So, as I mentioned before, Husband, in his wisdom, decided that the best idea he had ever had would be for us to swap studies. He gets the box room at the back of the house, north facing, looking over the boiler house roof and into the woods beyond. And I get the room at the front of the house, south-facing and a little more than twice the size, with accompanying futon and a big space to lay out my yoga mat, should I be so inclined. Yes, I will have to share this space when friends come to stay, but frankly that doesn’t happen very often because we live so bloody far from everyone else we know on the planet! On the other hand, my new desk overlooks the front garden, with a view down the lane and across the fields to the poplar plantation, about half a mile away. Not only is it a great view, but I can see people coming!
So far so good.
What I was not bargaining for is the sheer accretion of junk that has built up over five years of occupancy. There are mountains of magazines to sort through, clippings to find a home for, bills to file, and then there are the hundreds of other bits I never knew had. A bellpull made of six gaudily decorated velour camels, given by a distant-travelling cousin. A mug from an old work project with a cartoon on it of my own design. Sufficient packs of playing cards to run a sizeable poker tournament – we never play cards. Tiny audio tapes from an old Dictaphone machine, now long lost. A bag of marbles – blamed on Husband. A slightly used Barbie doll with complete wedding trousseau. Empty A4 clip files and notebooks galore. And how many packets of staples does one person really need?
(I’m not even going to mention the host of dead biros, fluff and ancient receipts for distantly deceased electronic equipment.)
It turns out that Number One on the list of activities when planning your home office is:
CONDUCT THE MOTHER OF ALL DECLUTTERINGS!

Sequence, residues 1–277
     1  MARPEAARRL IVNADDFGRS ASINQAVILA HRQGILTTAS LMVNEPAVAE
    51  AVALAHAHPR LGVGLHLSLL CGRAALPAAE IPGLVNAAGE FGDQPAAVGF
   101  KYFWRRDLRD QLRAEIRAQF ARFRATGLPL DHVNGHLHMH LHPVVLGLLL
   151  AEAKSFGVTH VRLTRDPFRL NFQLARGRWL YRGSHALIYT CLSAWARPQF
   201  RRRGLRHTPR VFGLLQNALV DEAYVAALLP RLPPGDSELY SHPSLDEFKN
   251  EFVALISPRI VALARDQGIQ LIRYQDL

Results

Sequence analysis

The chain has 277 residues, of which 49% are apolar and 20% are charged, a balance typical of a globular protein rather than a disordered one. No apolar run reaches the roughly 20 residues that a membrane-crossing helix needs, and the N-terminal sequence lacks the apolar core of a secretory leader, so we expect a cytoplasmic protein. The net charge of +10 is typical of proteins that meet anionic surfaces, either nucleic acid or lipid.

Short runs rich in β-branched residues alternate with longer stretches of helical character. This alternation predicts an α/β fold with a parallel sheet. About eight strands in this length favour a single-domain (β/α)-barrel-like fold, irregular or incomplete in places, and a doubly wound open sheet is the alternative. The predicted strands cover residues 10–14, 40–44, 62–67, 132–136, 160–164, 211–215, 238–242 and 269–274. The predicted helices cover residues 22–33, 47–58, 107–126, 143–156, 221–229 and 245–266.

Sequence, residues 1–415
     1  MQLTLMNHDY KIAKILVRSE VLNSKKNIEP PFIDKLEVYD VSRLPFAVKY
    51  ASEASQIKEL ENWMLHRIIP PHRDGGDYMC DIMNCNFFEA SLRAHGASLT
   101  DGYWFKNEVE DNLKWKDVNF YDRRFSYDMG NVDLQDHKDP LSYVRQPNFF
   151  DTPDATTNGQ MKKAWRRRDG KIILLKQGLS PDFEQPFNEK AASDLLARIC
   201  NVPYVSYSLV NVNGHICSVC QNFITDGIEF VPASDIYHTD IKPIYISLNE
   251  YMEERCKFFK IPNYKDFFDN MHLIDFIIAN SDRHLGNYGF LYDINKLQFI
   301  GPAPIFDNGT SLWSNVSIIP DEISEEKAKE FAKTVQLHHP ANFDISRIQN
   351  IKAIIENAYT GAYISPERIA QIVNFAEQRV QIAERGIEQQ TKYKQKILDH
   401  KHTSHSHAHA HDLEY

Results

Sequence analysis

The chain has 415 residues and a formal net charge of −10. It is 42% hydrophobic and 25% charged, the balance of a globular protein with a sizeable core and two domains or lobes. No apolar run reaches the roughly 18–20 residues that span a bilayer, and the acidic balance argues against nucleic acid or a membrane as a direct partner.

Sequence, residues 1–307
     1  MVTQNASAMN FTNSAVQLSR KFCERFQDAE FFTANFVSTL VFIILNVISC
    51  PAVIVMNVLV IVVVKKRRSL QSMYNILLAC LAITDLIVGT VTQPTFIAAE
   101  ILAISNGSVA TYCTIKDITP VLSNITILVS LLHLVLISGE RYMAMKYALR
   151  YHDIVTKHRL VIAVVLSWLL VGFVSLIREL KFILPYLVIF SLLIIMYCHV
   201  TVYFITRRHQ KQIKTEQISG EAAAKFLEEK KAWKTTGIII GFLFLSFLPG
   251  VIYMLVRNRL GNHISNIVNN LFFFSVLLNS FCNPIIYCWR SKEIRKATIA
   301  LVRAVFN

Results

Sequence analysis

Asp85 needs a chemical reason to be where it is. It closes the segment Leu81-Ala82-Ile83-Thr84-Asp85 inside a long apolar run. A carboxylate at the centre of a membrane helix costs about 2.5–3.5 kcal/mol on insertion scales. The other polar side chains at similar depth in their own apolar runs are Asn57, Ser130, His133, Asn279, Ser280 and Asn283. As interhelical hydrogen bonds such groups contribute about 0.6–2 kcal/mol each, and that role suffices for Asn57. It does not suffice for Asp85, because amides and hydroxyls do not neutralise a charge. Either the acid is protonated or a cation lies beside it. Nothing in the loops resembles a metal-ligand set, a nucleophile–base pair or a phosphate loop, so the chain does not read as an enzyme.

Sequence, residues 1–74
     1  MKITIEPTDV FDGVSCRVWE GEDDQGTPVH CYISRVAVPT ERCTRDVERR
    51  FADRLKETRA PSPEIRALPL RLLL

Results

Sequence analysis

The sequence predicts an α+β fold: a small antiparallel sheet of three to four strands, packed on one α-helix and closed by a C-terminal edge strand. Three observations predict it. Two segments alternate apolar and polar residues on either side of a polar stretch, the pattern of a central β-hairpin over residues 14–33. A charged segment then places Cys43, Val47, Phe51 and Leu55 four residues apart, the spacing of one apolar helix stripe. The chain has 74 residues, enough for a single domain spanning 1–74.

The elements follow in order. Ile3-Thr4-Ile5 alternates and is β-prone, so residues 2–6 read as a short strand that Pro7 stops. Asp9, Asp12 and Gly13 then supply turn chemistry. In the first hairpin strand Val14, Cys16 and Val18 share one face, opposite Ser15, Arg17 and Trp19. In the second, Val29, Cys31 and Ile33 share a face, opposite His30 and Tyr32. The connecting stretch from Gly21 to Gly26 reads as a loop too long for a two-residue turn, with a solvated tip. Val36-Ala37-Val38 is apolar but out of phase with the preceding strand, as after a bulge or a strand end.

Having spent long hours toiling over heaps of useless junk, diligently throwing out anything I hadn’t looked at in six months, I then went through the following process.
Start by being proactive: Being me, I went out and got a book from the Library on how to plan your home study. It has lots of pretty pictures. What it does not have is a list of things you will need. It says you must work it out yourself.
Question 1 in the book: How much storage will you require?
Answer: How the fuck do I know? I’m a writer! By definition, I generate vast quantities of paper! And I draw too, so double that!
Cunning Strategy: Make sure the Husband takes on responsibility for household filing so at least I don’t have to think about that. I hate it anyway. He can have it in his office so I never have to think about it again. Plus, its one less filing cabinet to fit in.
Concern: I have all these writing notebooks that I may need to refer to as a part of my work, so they will need to be handy. But what do I do with all the Morning Pages notebooks and diaries? I need to keep them because they record my life, but I doubt I shall need to drag them off the shelf on a regular basis.
Hesitant solution: Bung them in big plastic crates with mouse-proof lids and store them in the boilerhouse? Discard on the basis that its too risky because mice are fiendishly devious little bastards.
Sneaking suspicion: I would rather go out and spend a fortune on funky stationery than plan any of this stuff.
Probable outcome: I will be cheap and impulsive, go out to The Range and buy a bunch of ugly stuff I don’t like instead of working out how much I need and saving for the really nice stuff I do like, and none of it will do what I want/need it to, and then I shall not want to use my new office as a result, i.e. back to square one.
Sudden flash of determination: I am not going to ‘cheap out’ again. I’m going to do it right this time. Because I deserve a nice place to create.
(Sneaking suspicion and Probable outcome persist in the back of my mind.)
Intermediate action: Go on fact-finding mission. In other words, hang out in posh shops looking at all the kit I can’t afford but would dearly love. Come home feeling resentful, poor and even less determined to plan sensibly than I was before.
Current state of affairs: sulking.
Yes, I would love to be able to say I went out and bought a label maker and some washi tape and now my life is complete, but it hasn’t happened yet. I have a desk and a chair, and three bookshelves double stacked with books, and a slightly denuded pile of Sherlock clippings, but my magnificent new working space has yet to materialise.
I’ll keep you posted.
(And if you have any tips, let me know. Please?)